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Lost Girls

by Andrew Pyper

Andrew Pyper does for Northern Ontario what Charles Dickens did for the streets of London: he brings the landscape alive, giving it a sense of character and history. On the surface, Lost Girls is about a crime – two young girls disappear, their bodies undiscovered. Thomas Tripp, the local schoolteacher whose life has dealt him a series of irreparable blows, is charged with their murder. Bartholomew Christian Crane is the 33-year-old lawyer with a cocaine problem who travels, albeit reluctantly, from Toronto to cottage country to defend Tripp.

Lost Girls is much more than a crime story, however. With a clear, readable style and a wonderfully dark sense of humour, Pyper creates a narrative in which lives and myth and landscape collide. Personal and community mysteries intersect at every turn.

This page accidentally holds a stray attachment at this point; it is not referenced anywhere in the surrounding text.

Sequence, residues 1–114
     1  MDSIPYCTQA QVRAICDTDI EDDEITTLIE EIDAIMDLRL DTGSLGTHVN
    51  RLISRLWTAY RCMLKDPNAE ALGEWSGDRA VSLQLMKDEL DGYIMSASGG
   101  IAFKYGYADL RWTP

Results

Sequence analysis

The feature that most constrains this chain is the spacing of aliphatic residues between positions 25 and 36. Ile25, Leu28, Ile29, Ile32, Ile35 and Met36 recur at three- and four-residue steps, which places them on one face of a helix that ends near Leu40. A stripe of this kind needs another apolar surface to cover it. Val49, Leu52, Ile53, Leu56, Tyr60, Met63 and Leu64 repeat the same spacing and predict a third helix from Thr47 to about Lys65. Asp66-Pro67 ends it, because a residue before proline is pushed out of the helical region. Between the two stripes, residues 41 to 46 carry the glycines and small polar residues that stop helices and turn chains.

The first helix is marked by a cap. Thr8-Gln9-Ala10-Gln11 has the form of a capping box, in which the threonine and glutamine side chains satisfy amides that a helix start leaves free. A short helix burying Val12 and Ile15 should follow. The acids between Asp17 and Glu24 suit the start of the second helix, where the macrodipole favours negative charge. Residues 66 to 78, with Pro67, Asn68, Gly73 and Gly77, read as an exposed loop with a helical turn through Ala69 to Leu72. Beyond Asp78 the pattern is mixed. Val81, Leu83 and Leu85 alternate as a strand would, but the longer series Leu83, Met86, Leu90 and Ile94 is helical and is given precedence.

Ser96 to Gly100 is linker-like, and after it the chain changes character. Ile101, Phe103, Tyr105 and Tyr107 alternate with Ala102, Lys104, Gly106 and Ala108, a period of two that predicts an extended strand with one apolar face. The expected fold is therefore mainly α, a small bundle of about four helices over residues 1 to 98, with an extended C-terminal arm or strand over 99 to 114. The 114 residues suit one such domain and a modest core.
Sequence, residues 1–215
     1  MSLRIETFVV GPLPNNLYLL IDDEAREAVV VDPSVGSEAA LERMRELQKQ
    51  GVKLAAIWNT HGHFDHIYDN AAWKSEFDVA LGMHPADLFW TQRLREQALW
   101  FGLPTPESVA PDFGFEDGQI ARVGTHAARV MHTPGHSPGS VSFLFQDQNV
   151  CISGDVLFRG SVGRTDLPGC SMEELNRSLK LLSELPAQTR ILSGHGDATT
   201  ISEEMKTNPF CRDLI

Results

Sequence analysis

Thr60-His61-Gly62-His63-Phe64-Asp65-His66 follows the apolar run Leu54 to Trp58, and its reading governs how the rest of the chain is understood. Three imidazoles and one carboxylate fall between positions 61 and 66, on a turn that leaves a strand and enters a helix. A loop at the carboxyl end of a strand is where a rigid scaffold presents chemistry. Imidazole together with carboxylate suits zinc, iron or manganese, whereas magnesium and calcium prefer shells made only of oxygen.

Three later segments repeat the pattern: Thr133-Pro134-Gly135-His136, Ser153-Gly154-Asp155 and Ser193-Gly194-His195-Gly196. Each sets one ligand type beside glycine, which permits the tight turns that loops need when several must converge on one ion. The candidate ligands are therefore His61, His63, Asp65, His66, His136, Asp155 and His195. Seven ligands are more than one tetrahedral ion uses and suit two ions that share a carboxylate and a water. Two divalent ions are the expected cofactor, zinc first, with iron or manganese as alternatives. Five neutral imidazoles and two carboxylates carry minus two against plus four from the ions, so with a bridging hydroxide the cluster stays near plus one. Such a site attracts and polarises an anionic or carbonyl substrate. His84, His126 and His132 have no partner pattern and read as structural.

In the novel’s prologue, set 20 years before the main story, a young girl drowns in a lake as her cousin helplessly looks on. It’s not immediately clear how the drowning relates to the disappearance of the two girls, but it sets a satisfyingly eerie tone that Pyper sustains right to the novel’s chilling end. In between he builds a rich mythology around the lake and its community, including the age-old legend of a drowned gypsy woman who is said to haunt the area still.
Pyper, who previously published a collection of short stories with The Porcupine’s Quill, gives mystery fans the plot turns and surprises they expect, but soars above cliché, making us question our assumptions. Nothing is ever as it seems, and that makes for great suspense. We have to look for the grain of truth in the ravings of the school teacher charged with the murder, in the stories of the local eccentric, and in the ghost story that haunts the narrative. It is madness, addiction, and myth rather than courtroom logic that point to Pyper’s truth.

In the end, the story isn’t really about the murders; they become merely a focal point for a community’s hidden mysteries and nightmares. But here again, like Dickens, the larger context gives Pyper the opportunity to explore characters, morals, and prejudices.